- Open Access
Prognostic factors for relapse-free survival in stage IB-IIIA primary lung adenocarcinoma by epidermal growth factor receptor mutation status
BMC Cancer volume 22, Article number: 966 (2022)
Pathological stage IB-IIIA lung adenocarcinoma with an epidermal growth factor receptor (EGFR) mutation (Mt) has a high recurrence rate even after complete resection. However, there have been few reports on the risk factors for Mt recurrence. This study aimed to analyze the clinicopathological factors related to the relapse-free survival (RFS) of patients with pathological stage IB-IIIA primary lung adenocarcinoma with and without an EGFR mutation.
Patients who underwent curative surgery for Mt (n = 208) harboring the EGFR exon 21 L858R point mutation or EGFR exon 19 deletion mutation and EGFR mutation wild-type lung adenocarcinoma (Wt, n = 358) between January 2010 and December 2020 were included. Patients who received adjuvant EGFR-tyrosine kinase inhibitors were excluded. The prognostic factors for RFS were analyzed using a multivariable Cox regression analysis.
The 5-year RFS rates in the Mt and Wt groups were 43.5 and 52.3%, respectively (p = 0.907). Prognostic factors for RFS in the Mt group included smoking history (hazard ratio [HR], 1.49; p = 0.049), blood vessel invasion (HR, 1.84; p = 0.023), and lymph node metastasis (HR, 1.96; p = 0.005). However, adjuvant chemotherapy was not a prognostic factor (HR, 1.02; p = 0.906). In contrast, positron emission tomography (PET) max standardized uptake value (SUV) ≥ 6.0 (HR, 1.53; p = 0.042), lymphatic vessel invasion (HR, 1.54; p = 0.036), lymph node metastasis (HR, 1.79; p = 0.002), and adjuvant chemotherapy (HR, 0.60; p = 0.008) were prognostic factors for RFS in the Wt group.
Prognostic factors for RFS in stage IB-IIIA primary lung adenocarcinoma differ by epidermal growth factor receptor mutation status. The impact of adjuvant chemotherapy on RFS also differed by EGFR mutation status.
Epidermal growth factor receptor (EGFR) mutations are found in 15–50% of non-small cell lung cancers (NSCLC), especially in women, non-smokers, Asians, and patients with adenocarcinoma [1, 2]. EGFR exon 19 deletion (Ex19) mutations and EGFR exon 21 L858R point mutation (Ex21) mutations are two major EGFR mutations and molecular targeted therapies, and EGFR-tyrosine kinase inhibitors (TKI) show antitumor effects against these cancers . The overall survival (OS) of patients with unresectable EGFR mutation lung adenocarcinoma (Mt) has dramatically improved to 30–50 months with EGFR-TKI [4–6].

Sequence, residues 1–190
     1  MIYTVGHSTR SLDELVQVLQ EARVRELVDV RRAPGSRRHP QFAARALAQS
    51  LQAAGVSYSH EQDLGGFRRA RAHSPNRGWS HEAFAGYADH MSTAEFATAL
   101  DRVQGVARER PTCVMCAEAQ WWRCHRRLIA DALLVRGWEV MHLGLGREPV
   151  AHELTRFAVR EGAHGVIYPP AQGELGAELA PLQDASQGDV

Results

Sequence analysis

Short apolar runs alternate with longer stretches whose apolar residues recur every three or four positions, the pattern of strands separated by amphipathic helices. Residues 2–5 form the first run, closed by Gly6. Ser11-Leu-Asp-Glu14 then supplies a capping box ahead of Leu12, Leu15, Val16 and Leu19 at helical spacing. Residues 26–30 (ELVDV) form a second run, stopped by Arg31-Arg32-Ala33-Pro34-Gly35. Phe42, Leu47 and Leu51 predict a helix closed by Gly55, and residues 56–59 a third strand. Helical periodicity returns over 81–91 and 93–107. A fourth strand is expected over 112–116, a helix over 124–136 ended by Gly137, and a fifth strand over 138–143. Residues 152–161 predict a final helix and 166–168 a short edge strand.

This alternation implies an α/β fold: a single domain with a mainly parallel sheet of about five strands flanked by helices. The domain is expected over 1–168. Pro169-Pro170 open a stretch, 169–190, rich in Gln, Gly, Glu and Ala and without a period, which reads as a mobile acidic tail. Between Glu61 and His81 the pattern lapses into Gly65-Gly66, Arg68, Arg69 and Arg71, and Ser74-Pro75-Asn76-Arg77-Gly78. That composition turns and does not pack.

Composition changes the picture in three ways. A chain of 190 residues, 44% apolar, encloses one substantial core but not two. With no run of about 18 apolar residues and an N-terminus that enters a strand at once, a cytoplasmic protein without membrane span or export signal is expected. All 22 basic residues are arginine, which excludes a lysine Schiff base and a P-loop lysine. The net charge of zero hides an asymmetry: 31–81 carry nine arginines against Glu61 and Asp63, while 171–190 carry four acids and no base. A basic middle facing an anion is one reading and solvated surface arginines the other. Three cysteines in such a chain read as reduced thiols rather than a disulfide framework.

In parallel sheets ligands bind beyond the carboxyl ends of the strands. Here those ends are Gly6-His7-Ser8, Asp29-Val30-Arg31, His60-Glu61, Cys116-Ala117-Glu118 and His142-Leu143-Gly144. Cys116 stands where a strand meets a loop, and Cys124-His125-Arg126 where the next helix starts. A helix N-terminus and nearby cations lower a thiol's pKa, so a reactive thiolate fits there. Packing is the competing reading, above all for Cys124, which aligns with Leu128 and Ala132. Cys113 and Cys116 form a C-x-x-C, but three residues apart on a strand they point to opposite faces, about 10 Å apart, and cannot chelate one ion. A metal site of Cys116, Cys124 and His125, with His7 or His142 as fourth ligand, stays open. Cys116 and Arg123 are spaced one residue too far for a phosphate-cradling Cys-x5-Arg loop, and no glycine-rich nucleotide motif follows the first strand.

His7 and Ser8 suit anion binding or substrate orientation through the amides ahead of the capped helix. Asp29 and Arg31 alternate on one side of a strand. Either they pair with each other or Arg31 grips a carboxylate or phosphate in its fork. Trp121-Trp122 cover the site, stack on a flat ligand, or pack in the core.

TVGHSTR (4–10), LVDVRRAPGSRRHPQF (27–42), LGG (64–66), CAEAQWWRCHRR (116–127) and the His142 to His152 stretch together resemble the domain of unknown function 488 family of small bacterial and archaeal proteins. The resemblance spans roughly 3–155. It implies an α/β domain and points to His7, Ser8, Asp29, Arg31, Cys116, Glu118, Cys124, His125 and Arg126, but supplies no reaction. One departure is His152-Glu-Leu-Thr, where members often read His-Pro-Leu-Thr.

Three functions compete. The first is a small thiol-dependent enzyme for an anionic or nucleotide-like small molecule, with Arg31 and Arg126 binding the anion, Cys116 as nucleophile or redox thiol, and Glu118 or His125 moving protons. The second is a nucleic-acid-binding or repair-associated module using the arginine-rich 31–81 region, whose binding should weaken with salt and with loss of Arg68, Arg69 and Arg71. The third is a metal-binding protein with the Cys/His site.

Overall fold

The postoperative recurrence rate of primary lung cancer has been reported to be 33% in pathological stage IB, 51% in stage II, and 61% in stage III . Furthermore, the 5-year recurrence-free survival (RFS) rate for patients with Mt was poor (57.0% for stage IB, 46.6% for stage II, and 17.4% for stage IIIA) [8, 9]. To improve the postoperative prognosis of Mt, several clinical trials of adjuvant EGFR-TKI for pathological stage IB(II)-IIIA Mt have recently been conducted [10–14]. Adjuvant EGFR-TKI did not prolong RFS in the IMPACT trial ; however, the RADIENT, ADJUVANT, and ADAURA trials showed prolonged RFS with postoperative EGFR-TKI [11, 12, 14]. However, no clinical trials have shown that adjuvant EGFR-TKI prolongs overall survival (OS). The benefit of adjuvant EGFR-TKI is to improve RFS and reduce distant metastatic recurrence, especially brain and bone metastases, which leads to poor quality of life and poor prognosis [14–16]. Adjuvant EGFR-TKI in patients with favorable RFS would only increase drug toxicity [10, 12, 14] and would not be beneficial to the patient. Therefore, it is important to accurately assess the prognostic factors related to RFS.
The prognostic factors for RFS after complete resection of primary lung adenocarcinoma based on EGFR mutation status remain unclear. The aim of this study was to analyze clinicopathological prognostic factors for RFS after complete resection for pathologic stage IB-IIIA primary lung adenocarcinoma according to EGFR mutation status and to obtain basic knowledge on the selection of patients who should receive adjuvant therapy.
Patients and word definitions
This study was approved by the Kanagawa Cancer Center IRB (2021 Eki-153). Of 1081 cases of pathological stage IB-IIIA (8th edition TNM classification) NSCLC who underwent segmentectomy or greater extent of lung resection at Kanagawa Cancer Center between January 2010 and December 2020, 703 patients had primary lung adenocarcinoma without adjuvant EGFR-TKI therapy. Of these, 566 patients were included in the study, excluding 57 patients (8.1%) who did not undergo EGFR mutation examination, 20 patients with uncommon EGFR mutations (2.8%), such as EGFR exon 18 G719X, and 60 patients (8.5%) who did not undergo positron emission tomography (PET)-computed tomography (CT). In this study, 208 patients with Mt (n = 208) harboring Ex21 and Ex19 and 358 patients with wild-type EGFR mutations (Wt) were included. TNM staging was based on the 8th edition of the TNM Classification for Lung and Pleural Tumors . RFS was defined as the period from the date of surgery to the date of recurrence or any cause of death, wherein patients without recurrence were censored in the last observation period. Adjuvant chemotherapy included patients who completed at least three courses of platinum-based adjuvant chemotherapy or 2 years of oral tegafur-uracil after surgery.